What innovation managers really do: a multiple-case investigation into the informal role profiles of innovation managers

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Over the last fifteen years companies tended to formalise their innovation management activities and to establish formal jobs like the innovation officer, the network manager or the innovation manager. Knowledge of the informal role profiles of these formal roles is still rare. HR and R&D Managers do not know which informal role profile might suit them best, thus having difficulties to assign the best candidates for jobs in innovation management. Researchers cannot help to resolve the problem. Our research answers the question what innovation managers really do, by analysing their tasks, skills and traits, theoretically based on informal role theories. Furthermore, we will analyse how these characteristics change with company size. To provide answers to our research questions we choose a multiple-case study approach. We found, among others, that innovation managers fulfil the role of the relationship and process promotor or a combination of both with the champion, but we also found, that the innovation manager’s roles profile becomes fuzzier with shrinking company size. Our results have practical implications for top management and also HR and R&D managers, enabling them to better select and steer employees in innovation management. Researchers will be able to build on our results because we offer a comprehensive understanding of the informal role profiles of innovation managers based on informal role theories.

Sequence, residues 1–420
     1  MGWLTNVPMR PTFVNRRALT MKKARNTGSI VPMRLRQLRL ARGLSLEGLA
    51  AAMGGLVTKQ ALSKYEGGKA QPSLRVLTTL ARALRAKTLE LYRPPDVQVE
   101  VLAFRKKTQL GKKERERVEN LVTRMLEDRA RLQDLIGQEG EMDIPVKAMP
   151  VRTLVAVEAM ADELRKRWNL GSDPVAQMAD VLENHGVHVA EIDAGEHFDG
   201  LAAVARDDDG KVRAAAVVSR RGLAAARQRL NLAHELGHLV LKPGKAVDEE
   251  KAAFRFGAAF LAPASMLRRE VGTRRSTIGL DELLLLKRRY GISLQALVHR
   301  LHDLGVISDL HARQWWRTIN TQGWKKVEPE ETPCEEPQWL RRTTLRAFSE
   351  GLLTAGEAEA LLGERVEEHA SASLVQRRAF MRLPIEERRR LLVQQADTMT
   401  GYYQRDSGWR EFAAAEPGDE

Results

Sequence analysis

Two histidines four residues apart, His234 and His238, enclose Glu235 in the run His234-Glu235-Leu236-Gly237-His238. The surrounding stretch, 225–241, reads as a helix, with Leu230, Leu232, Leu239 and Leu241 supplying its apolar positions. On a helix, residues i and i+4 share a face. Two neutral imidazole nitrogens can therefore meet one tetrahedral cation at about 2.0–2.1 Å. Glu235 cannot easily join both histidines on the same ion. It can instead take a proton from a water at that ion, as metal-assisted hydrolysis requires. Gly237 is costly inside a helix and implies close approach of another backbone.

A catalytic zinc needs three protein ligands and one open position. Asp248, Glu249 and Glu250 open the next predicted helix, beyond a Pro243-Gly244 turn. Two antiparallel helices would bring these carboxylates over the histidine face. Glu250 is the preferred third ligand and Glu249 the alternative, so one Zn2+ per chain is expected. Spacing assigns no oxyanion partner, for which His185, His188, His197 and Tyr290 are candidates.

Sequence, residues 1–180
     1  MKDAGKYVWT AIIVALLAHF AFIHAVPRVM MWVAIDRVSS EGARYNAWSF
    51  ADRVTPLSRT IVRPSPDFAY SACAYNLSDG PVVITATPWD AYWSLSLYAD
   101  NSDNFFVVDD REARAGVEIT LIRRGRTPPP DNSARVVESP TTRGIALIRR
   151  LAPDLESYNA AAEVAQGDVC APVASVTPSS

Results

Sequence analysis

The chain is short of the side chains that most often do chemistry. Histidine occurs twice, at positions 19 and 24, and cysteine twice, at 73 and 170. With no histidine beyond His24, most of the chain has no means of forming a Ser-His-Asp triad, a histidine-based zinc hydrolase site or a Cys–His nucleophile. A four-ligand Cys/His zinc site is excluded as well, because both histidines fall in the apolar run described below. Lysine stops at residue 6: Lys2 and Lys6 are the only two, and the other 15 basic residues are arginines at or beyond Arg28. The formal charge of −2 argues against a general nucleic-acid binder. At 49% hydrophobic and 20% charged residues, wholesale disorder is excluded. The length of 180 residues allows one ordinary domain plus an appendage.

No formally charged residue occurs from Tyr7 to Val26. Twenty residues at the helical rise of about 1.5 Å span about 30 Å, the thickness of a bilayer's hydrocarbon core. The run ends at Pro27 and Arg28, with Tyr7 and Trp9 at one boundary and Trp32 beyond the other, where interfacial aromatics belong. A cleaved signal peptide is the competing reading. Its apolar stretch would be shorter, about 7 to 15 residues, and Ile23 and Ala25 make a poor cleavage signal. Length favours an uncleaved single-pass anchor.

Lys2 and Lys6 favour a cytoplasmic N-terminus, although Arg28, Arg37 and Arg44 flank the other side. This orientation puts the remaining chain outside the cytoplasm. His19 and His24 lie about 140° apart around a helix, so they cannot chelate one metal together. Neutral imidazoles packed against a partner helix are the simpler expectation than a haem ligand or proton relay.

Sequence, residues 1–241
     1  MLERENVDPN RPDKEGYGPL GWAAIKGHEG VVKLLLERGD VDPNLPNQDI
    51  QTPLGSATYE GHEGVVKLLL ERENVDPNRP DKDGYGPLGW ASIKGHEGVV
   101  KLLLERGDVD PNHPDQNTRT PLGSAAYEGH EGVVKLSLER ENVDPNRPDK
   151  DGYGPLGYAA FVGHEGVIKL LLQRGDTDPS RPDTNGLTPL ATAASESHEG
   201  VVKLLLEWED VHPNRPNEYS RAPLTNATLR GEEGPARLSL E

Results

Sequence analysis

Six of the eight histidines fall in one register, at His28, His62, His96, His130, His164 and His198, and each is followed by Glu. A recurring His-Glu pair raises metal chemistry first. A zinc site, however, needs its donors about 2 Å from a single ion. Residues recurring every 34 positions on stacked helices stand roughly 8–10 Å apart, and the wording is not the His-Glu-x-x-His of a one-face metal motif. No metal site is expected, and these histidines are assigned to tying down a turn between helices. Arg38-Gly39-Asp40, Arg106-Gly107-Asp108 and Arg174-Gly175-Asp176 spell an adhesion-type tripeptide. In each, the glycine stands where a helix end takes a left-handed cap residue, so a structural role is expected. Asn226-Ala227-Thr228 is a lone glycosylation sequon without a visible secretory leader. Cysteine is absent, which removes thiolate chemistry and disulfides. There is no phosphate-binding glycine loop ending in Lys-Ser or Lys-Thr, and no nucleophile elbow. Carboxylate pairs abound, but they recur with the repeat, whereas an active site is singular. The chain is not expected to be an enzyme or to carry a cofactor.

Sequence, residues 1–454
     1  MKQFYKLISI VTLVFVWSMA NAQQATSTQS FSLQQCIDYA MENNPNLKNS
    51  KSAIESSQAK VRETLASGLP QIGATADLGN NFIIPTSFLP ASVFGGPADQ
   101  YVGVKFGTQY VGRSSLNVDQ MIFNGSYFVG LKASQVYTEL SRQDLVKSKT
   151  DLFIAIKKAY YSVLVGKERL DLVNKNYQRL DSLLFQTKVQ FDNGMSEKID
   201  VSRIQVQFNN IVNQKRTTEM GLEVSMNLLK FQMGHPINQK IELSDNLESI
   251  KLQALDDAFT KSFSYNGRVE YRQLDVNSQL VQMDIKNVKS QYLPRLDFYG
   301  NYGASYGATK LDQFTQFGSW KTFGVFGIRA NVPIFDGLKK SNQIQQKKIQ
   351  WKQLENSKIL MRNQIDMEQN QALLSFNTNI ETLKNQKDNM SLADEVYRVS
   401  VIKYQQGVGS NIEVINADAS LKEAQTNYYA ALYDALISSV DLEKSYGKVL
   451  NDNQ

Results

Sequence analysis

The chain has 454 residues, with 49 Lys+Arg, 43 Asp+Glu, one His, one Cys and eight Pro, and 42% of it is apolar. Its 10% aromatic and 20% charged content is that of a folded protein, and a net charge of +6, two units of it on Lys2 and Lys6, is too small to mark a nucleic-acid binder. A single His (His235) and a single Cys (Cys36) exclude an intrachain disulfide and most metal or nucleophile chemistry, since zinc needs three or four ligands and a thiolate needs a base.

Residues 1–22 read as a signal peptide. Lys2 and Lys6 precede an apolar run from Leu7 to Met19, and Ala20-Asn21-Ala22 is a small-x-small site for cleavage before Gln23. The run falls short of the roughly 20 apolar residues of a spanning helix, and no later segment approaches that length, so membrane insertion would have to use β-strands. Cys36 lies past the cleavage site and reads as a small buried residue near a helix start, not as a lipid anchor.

JournalReview of Managerial Science
Issue number4
Pages (from-to)1055-1080
Publication statusPublished - Oct 2018

    Research areas

  • Innovation champion, Innovation management, Innovation manager, Personal characteristics, Promotor model, Role profile, Role theories